Cheers to nineteen.

Dear friends,

We had a party last night. Best I can tell, it was a hit.

As was the cake.

I got a little nervous about running out of cake when kids kept showing up, but my four-layer beauty fed the hungry teenagers with one piece to spare. Whew!

The whole evening made my heart full. I couldn’t have been happier that so many friends showed up to help Kate celebrate. It’s been a tough year for her as she noted on a recent Facebook post: Eighteen was one heck of a year for me, but I made it through it. Cheers to nineteen and all that it brings me!

Our new little town has welcomed us at every turn over the past several months, and the kids have been especially kind and friendly. My debt of gratitude grows every day with each new gesture of friendship.

With gratitude {for strength of family, resilient kids, and the gift of new friends, which is one of the best reasons of all to celebrate},

Joan, who impressed a kitchen full of teenagers while making Pioneer Woman’s Baked French Toast (for Sunday breakfast) with her one-handed egg cracking technique


Dear friends,

My baby, my first baby, will turn 19 in two days. I don’t know how it happened. I went to bed and she was six, and I woke up and she was 19. Life is funny that way.

Thirteen years ago when she turned six, I was so discombobulated by it I wrote a story. She had been my baby right through five, then bam! Six was entirely different. My baby was gone, replaced by a young girl.

This week as Kate passes another milestone that feels like a bigger bam to her mother, I thought I’d remind myself I survived the last one. Not without a few tears, but I survived.

With gratitude {for the angel who watches over mothers and reminds us we can take the next step},

Joan, whose heart is bursting with love and pride beyond what she ever imagined possible

Six is Wondrous New

A six-year-old girl is a most precious thing. A contradiction, a charm, a sprightly smile of blush and pride.

Even at five, she is a baby, my baby, hand and heart grasped in mine, and not yet initiated into the world of team sports, sleepovers, all-day school.

But at six, she is all about risk and motion, and fields undared, a tumblebug of queries to be posed full speed.

And six is wondrous new.

New challenges, new friends, new dreams, new notions unfold before her, a splendid banquet of awe and fear to be carefully tasted, some savored, some spat. And I in the shadows, waiting to offer encouragement that is rarely required or even asked, ponder her journey and my place in it.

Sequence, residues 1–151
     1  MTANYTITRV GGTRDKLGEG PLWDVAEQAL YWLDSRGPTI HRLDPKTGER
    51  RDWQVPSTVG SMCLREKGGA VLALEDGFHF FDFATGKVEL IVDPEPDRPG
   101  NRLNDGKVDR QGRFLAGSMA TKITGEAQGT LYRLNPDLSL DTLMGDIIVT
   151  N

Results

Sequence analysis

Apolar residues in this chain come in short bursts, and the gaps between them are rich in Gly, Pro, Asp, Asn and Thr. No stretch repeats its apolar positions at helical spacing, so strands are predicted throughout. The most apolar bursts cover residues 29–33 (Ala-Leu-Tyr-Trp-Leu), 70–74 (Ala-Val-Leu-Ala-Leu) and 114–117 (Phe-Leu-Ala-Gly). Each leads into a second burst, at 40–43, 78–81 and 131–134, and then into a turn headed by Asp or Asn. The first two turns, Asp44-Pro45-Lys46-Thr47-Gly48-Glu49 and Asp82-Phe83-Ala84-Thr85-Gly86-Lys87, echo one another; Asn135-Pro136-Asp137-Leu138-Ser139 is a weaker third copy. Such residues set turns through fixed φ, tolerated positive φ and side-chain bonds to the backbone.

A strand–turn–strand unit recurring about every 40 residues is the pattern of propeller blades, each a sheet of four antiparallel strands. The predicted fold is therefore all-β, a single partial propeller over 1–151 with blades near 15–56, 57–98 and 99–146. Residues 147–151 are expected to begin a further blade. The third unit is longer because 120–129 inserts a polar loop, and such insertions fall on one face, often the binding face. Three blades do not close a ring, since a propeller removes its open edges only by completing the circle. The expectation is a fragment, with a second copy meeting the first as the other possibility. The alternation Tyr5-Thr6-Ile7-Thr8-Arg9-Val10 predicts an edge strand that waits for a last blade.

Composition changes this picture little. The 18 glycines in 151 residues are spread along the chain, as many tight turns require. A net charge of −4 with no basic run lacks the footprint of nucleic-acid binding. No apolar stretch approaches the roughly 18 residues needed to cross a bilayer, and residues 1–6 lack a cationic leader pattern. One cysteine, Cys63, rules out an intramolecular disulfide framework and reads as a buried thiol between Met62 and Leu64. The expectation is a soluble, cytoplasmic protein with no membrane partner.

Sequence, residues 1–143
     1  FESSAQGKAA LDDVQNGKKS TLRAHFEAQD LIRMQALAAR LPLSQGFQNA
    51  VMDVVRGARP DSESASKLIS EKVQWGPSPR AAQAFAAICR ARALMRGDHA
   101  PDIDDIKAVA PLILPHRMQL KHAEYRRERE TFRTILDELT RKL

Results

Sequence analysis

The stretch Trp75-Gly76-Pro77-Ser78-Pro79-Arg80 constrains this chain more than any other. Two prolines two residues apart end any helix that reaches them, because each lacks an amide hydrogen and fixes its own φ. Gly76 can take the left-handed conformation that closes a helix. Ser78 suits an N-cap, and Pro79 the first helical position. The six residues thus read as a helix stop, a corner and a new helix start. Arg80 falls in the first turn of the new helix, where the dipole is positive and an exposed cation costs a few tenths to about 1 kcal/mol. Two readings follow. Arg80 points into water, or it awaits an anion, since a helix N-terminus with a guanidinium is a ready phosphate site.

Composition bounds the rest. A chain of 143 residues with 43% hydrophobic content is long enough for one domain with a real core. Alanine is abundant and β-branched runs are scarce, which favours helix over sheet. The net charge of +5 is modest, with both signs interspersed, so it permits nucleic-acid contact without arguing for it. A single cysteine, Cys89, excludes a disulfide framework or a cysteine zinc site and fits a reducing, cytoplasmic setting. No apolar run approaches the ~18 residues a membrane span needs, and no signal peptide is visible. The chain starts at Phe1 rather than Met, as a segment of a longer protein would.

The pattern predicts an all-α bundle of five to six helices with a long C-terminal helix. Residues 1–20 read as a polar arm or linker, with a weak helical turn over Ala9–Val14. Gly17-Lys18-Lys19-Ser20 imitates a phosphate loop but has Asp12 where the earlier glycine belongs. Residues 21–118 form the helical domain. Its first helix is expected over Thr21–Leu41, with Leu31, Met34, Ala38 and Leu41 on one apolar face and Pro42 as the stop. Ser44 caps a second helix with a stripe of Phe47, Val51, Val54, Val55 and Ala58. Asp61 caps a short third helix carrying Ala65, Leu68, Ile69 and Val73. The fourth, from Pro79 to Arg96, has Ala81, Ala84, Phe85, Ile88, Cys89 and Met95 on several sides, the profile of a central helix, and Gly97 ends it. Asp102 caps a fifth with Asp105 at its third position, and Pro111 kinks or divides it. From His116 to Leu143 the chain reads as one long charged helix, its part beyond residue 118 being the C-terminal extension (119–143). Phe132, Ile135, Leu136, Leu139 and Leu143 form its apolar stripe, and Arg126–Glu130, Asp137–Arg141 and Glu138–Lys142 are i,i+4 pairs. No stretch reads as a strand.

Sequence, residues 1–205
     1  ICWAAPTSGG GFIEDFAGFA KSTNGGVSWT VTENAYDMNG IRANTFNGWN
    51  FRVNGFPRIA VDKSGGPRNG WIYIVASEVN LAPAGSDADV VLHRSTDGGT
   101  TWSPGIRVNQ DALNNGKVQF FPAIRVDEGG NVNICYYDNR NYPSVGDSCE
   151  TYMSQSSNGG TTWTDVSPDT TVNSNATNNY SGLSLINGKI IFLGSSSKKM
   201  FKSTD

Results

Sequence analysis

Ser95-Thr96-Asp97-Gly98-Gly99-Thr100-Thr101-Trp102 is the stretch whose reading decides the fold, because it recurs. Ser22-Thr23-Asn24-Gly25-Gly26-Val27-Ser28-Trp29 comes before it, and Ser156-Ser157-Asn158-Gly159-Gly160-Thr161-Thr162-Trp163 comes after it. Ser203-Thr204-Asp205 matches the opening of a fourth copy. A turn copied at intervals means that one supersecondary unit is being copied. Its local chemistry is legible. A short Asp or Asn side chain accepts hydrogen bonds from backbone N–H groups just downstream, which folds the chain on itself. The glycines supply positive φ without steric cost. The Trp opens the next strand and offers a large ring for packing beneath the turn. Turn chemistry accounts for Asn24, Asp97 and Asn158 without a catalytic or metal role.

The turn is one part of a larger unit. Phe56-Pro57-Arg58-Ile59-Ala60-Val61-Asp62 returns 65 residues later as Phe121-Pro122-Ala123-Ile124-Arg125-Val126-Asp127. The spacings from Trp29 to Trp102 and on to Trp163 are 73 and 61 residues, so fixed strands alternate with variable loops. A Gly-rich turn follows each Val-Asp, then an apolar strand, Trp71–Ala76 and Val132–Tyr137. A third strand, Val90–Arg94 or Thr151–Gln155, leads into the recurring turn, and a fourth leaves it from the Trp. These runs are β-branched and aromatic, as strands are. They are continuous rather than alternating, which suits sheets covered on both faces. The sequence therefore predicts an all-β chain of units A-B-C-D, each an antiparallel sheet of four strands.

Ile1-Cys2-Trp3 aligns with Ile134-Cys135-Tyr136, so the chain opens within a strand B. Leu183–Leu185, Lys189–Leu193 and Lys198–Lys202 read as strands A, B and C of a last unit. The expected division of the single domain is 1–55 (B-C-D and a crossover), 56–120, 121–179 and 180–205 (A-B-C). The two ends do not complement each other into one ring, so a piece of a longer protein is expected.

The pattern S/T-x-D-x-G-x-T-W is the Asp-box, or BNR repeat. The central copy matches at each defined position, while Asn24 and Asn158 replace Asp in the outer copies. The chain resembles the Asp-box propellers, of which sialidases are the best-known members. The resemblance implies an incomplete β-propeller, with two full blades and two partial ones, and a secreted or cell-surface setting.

I am not ready to release my grasp, my being, my daughter to the life that is becoming hers. Hers, not mine, in a separate form I can shape but cannot mold.

How do I capture the essence that is her, that is six, that is all my dream can ever be, of a child that is each day new, when I want to hold the moments in my hands forever? Not in my heart, not in my mind, but in my white-knuckled hands where her sum and substance never slip or fade.

And how do I tell her that she is beautiful, and amazing, and strong, and smart without sounding like her mother?  Mother, she might say, making her disclaimer in a tone I perfected.

Independence.  It’s a good thing, right? She runs ahead, skips pages, makes no quarrel with uncertainty, and feels not the qualms I harbor on her behalf.  She stands tall and straight, offering a smile at times most needed, unaware of evil or life’s disappointments more severe than a lost opportunity for ice cream. Her freckles sparkle in the afternoon sun and her toes reach for the sky, outstretched on a flying swing that traces a menacing arc.

She is my poetry, and I struggle to remember full verse. Yet, still I cry at its reading, and it moves me to want another just like her, and another and another and another, as shelter from the dangers of her journey.

But when I go to her at night and reach to share a bedtime hug, she makes me who I am. We lay still, our hearts beating to a matched pace, and she is six forever.

And one time, she holds longer than I, and offers a whispered rhyme as redress for growing up.

“I don’t want to let go because I love you so.”